Phil Underdown: The Trapper's Lament

Sol Mednick Gallery

When a colony of beavers established itself along the small, crooked creek that winds through his property in New York's Adirondack Park, photographer Phil Underdown reluctantly decided to call in a trapper. In "The Trapper's Lament," Underdown uses large-format color photographs to depict the aftermath, chronicling what was left behind after the beavers were removed in an attempt to come to terms with the apparent clash between his decision and his environmental values.

Underdown writes, "We watched, over the course of a few years, as a colony of beavers made its way down the creek that winds through our neighbor’s field before meandering across ours. Eventually they dammed up the creek in five or six spots and started felling the trees, with the big tall aspens being their favorite. One night, we heard a tree fall outside our bedroom window and we started to feel like they had us surrounded. Soon access to the fields would be blocked and the septic system flooded. It became clear that we would have to do something."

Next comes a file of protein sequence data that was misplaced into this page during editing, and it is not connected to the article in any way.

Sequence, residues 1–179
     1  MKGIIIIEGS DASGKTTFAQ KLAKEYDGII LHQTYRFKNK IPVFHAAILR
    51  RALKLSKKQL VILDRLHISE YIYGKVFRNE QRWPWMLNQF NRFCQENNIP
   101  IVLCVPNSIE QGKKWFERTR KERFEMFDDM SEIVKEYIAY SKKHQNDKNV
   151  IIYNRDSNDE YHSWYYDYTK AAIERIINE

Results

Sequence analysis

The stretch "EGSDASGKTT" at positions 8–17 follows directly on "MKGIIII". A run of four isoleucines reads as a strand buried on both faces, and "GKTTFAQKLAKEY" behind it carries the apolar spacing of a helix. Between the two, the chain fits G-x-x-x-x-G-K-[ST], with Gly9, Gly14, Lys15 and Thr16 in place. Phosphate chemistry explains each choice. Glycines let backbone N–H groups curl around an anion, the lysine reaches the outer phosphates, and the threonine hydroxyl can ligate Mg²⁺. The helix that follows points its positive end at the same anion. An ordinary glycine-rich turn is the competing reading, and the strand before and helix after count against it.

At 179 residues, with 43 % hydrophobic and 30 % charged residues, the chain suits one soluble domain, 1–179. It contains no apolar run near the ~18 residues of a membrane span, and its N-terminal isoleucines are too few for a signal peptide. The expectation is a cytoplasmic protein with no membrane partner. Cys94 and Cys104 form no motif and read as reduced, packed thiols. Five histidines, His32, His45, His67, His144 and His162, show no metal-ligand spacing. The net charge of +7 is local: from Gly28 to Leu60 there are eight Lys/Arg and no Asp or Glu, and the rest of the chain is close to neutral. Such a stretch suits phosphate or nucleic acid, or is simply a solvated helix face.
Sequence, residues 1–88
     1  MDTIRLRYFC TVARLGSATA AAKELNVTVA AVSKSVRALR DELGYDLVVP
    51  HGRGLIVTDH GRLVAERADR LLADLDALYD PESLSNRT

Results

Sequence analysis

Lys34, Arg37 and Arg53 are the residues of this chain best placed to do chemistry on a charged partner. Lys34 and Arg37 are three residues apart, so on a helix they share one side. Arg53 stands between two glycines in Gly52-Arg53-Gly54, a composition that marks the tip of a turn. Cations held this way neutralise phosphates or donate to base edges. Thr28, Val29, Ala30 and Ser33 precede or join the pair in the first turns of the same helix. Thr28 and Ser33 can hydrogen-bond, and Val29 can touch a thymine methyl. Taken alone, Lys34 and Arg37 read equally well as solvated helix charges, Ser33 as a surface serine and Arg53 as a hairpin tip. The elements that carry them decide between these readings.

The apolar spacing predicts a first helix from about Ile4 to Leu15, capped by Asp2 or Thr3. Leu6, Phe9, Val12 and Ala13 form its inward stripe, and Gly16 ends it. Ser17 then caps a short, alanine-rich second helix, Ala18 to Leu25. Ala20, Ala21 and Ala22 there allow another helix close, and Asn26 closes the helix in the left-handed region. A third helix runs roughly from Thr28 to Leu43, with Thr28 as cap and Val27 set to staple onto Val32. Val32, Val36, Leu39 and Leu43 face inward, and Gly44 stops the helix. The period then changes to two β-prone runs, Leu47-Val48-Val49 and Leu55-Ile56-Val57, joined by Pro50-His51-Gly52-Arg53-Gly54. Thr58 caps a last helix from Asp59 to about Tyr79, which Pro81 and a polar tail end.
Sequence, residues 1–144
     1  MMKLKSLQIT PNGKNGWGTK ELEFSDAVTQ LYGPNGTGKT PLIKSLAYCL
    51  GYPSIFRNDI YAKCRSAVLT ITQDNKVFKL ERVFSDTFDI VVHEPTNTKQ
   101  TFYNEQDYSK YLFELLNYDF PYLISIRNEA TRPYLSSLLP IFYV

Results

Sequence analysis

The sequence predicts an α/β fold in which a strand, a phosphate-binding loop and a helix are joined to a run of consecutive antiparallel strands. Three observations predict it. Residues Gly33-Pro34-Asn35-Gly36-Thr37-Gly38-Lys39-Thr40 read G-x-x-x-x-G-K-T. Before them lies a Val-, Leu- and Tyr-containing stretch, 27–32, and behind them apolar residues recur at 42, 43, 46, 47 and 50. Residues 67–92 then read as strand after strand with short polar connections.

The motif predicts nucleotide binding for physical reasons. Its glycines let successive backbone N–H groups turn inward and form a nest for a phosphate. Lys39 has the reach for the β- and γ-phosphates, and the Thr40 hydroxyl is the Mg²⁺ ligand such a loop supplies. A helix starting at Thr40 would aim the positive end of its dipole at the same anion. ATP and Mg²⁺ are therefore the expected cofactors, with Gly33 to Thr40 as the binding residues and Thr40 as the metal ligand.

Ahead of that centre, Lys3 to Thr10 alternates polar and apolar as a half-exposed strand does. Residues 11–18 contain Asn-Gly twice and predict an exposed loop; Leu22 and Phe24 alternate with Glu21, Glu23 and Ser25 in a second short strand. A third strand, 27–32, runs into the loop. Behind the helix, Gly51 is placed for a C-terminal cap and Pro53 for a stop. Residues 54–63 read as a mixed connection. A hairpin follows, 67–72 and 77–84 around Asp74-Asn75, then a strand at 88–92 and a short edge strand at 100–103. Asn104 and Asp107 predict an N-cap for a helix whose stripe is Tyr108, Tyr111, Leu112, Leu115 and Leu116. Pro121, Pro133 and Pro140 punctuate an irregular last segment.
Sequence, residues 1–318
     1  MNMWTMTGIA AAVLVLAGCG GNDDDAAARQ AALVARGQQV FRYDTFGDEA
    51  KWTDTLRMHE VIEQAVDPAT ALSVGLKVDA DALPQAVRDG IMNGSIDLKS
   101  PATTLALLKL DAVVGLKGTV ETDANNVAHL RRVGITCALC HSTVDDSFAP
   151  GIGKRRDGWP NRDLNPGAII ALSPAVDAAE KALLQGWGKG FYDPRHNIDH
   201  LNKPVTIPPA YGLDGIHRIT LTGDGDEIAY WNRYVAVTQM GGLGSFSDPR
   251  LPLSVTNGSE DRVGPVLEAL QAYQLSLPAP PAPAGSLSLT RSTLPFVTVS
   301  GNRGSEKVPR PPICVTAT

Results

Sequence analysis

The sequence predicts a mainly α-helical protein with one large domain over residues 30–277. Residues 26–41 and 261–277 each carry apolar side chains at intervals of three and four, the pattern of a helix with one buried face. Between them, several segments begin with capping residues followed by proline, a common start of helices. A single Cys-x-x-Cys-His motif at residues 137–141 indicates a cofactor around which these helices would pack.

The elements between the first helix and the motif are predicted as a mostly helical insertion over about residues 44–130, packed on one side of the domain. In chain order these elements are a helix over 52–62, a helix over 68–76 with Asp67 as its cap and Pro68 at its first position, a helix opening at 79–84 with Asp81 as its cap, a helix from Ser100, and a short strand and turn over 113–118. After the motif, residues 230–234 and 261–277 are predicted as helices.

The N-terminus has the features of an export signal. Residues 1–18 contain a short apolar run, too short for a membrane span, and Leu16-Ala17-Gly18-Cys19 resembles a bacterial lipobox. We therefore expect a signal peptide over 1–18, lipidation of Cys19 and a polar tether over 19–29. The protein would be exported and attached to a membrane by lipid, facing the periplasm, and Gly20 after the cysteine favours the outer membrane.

"These are photographs of the aftermath of our decision to remove the beavers and break their dams. Compelled to photograph it repeatedly over the intervening seasons, I have observed as some small details linger on over the years, while other large features disappear seemingly overnight. I moved to the Adirondacks because of my love of nature and I try to live my life with respect and concern for the future of our planet. I recycle, I drive a Prius, I give money to environmental organizations...and I kill beavers. This is the landscape of that confusion, the trapper's lament."

Underdown has an MFA in Photography from the School of Visual Arts in New York and a BA in Photography from Hampshire College. His work is in the collections of the Philadelphia Museum of Art, the Samual Dorsky Museum of Art and the Smithsonian American Art Museum, and was recently featured in Earth Now! at the New Mexico Museum of Art, as well as in a book of the same name. His book, Grassland, was named one of the best photo books of 2010 by photo-eye magazine in Santa Fe.

The Sol Mednick Gallery offers a year-round regular schedule of exhibitions of contemporary photography. This exhibition is concurrent with "Susan Hayre: Querencia: Flood" in Gallery 1401 (the Sol Mednick Gallery's sister space) on the 14th floor of Terra Hall. Both galleries are operated by the UArts Photography program.

Terra Hall
211 South Broad Street, 15th floor
Philadelphia, PA 19102
United States

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